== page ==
Very often when I buy jewellery books, (and I have a lot of them...), I buy them for inspiration, rather than to recreate the exact projects. To learn techniques, or simply to be inspired by the beautiful jewellery created by designers who I admire. Although I have been knotting for years now, macrame is relatively new to me, and so I was very keen to have a go at seeing if I could learn a new knotting technique from a book.

On the occasions when I do recreate a project by another designer, I am never encumbered by trying to use the exact materials that they do. It's unlikely that I will have exactly the same beads in my stash, and often with artist-made beads, they are one-offs and impossible to get exactly the same anyway. That's all part of the beauty of handmade jewellery! So I grabbed wooden rings, Czech glass and waxed linen cord and here's my take on Erin's Copper Antiquity:


Pretty pleased with these little babies. Alongside the giveaways at Beading Daily, I'm going to give these sweet earrings away to one lucky commenter. Just leave me a comment - if you are lucky enough to have a copy of the book, what's your favourite project? If not, why would you like to get a copy - what do you find inspiring in a jewellery making book? Let me know, I will be making a drawing next Sunday - 1st July.

If this blog hop has piqued your interest and you fancy getting your hands on a copy, Interweave have a great offer on at the moment for both the hard (paper) copy and the ebook. Check it out here. Or if you are in the UK, here it is for us too :-)

Now hop on over to Beading Daily to continue the Bohemian-Inspired Jewelry blog hop! There are loads more fantastic artists taking part and I can't wait to see what they have all come up with for this weekend's celebration.

19 comments:

Lorelei Eurto said...

Excellent post Rebecca! Thank you so much for participating in the blog event!
Your earrings are so sweet, love the rustic wood rings as opposed to the metal rings. Adds a whole new look with the same technique! Totally fab!
I hope the book continues to inspire you for years to come!

steufel said...

Love your earrings. They are so you!

Fiona said...

I love these earrings. It'd be great to win them as I really like your work and if I had the book I would probably do every project ---eventually!

missficklemedia.com said...

Oh, your post is juicy! I too, had to try my hand at the copper antiquity earrings! It is the perfect starting point for knots on metal and gave me confidence to take it further.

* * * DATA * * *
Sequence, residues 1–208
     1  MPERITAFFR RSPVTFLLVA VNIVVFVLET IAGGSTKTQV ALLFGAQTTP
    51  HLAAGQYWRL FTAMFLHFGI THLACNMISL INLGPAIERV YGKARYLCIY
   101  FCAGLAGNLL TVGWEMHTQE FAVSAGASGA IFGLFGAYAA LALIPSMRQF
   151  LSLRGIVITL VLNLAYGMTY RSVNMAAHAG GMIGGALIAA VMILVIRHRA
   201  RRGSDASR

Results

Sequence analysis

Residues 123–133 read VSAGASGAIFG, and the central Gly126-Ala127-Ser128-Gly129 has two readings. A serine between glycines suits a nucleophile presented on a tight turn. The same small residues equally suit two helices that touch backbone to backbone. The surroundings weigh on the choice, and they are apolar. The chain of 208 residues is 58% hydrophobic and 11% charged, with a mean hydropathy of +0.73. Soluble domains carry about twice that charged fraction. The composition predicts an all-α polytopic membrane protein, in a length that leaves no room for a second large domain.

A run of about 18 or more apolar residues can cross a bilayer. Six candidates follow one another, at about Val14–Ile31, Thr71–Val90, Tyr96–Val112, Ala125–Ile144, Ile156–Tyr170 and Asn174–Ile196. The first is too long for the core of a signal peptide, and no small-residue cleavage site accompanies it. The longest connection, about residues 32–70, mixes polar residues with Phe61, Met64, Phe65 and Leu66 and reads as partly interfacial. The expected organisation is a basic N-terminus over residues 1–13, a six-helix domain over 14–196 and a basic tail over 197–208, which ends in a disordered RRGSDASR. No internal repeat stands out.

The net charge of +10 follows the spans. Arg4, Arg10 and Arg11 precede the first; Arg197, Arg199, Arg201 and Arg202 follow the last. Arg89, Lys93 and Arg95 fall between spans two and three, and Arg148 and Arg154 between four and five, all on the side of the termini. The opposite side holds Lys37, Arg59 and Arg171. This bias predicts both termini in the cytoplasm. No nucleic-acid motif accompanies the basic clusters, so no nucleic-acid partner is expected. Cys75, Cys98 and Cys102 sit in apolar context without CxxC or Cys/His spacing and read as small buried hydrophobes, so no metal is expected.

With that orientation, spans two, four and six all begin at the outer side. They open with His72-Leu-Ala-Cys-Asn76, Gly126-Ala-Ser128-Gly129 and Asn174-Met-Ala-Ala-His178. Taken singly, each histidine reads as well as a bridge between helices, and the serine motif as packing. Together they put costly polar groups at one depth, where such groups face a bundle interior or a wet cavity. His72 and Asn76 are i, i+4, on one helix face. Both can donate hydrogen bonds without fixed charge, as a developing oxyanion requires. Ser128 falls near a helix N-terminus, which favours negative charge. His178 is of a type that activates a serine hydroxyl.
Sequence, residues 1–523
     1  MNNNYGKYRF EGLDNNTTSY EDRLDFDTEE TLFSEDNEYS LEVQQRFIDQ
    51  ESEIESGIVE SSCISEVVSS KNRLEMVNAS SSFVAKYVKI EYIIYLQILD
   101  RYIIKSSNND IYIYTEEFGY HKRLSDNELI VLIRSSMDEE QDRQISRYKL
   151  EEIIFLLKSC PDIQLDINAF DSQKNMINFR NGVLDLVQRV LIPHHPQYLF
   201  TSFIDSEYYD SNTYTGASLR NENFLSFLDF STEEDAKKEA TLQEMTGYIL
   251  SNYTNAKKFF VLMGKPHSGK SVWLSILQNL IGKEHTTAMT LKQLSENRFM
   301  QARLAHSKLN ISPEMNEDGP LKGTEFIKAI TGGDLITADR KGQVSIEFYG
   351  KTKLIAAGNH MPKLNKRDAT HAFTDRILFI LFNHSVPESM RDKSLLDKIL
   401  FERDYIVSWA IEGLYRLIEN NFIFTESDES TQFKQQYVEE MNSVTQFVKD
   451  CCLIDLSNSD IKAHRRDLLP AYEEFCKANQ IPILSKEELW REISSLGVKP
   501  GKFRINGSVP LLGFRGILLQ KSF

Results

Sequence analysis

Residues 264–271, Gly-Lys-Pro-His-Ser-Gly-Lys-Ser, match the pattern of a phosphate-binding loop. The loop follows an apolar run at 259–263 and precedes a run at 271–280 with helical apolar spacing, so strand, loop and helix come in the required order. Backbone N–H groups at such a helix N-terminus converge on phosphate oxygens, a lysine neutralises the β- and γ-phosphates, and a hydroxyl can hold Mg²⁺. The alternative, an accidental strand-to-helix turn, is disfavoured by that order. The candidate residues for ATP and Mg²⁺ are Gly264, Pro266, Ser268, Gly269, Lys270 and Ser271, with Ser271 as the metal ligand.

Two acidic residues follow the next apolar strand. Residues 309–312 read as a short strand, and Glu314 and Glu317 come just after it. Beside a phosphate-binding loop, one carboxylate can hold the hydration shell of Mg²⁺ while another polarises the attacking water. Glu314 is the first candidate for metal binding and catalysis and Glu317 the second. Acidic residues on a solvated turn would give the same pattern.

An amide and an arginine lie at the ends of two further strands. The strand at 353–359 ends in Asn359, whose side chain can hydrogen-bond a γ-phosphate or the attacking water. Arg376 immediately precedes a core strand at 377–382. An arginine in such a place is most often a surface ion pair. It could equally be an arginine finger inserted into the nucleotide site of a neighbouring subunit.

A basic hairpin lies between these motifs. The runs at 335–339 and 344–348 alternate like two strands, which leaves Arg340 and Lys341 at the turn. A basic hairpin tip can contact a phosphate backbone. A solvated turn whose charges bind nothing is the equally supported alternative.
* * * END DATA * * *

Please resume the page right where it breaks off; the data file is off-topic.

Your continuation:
I am looking forward to seeing what else you make, Rebecca!

Copper Diem said...

I love those pretty earrings!

SmittenBeads said...

Hi Rebecca, what a fantastic post, I have already put a copy of the book in my shopping basket. I've only recently started buying jewellery design books, I really suffered from a lack of inspiration and imagination a while back and needed a little help. I now have a lovely collection which I browse every so often to help spark the imagination. I think this book will sit well with my others.
Thanks for the introduction. Claire :0)

Kathleen Lange Klik said...

I too really enjoyed the pages on the varieties of cords and ribbons as well as Marsha's write up on how to care for silk. Love the earrings that you created too-beautiful! I have so many pages marked for favorite projects that it is really hard to decide! Ocean Love is probably my top contender along with Autumnal Arrangement.

Lisa said...

Hi, Rebecca! As usual, your posts are so inspiring. No, i do not have this book, but after seeing your post and a couple of others, I would love to get it. I fully agree with some of the other commenters that your interpretation on Erin's earrings are so "you"!! Just simply gorgeous! Have a great weekend!

Pixiloo said...

I love those earrings. What a wonderful way to celebrate Erin's and Lorelei's book. I adore jewelry books and can look at the inspiring pictures for hours. I'm with you. I don't always have the right beads for the projects, but the projects usually inspire me to look at my stash of beads in a different light.

TesoriTrovati said...

My fave project by far is Erin's Elements of the Earth necklace. I was able to witness it in person on her lovely porcelain skin with that shock of gorgeous red hair and eyes the color of the Caribbean Sea! She is a knockout and so very sweet. The details in this one completely intrigue me! I already have a copy and am making my way through so please share the love with someone else. Those earrings are so pretty! Enjoy the day, Miss Rebecca! Erin

Beth Hemmila said...

Super cute earrings! This is one of Erin's designs that is sticking in the back of my mind.

freshbakeddesigns said...

Love reading your post today. And I am ordering this book! Love to learn more about mixing materials in my jewelry designs and this seems like the perfect start.
And thanks for the chance in the give away. Love the earrings!

Jane Knaub said...

Love those earrings and so many other things in this book. Hope I win it.

Becky Pancake said...

I would be pleased to win your earrings. I haven't made anything from the book yet but I am reading it. I did macrame back in the 70's (oops I'm giving away my age LOL)It has been fun revisiting this technique. I even had beads left from back then that I am using now.

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Pretty Things said...

Fantastic post! I love the book!

Shaiha said...

I have this book and I have to say that it is my favorite jewelry book! It has given me permission to play with my ribbons and cord and whatnot.

As far as a favorite design, I can't really say that I have one. I have used it as inspiration for a few of my designs recently

Erin Siegel said...

Rebecca,

Thank you so much for your absolutely fab and thoroughly thoughtful review! I can not thank you enough for your words. I'm so thrilled you are enjoying the book and even tried your hand at the knotting techniques in my Copper Antiquity earrings. It lends itself to many variations. Love your versions. I really like the contrast of the wood rings with the faceted Czech glass beads. Thanks again for all your wonderful support. It is very much appreciated!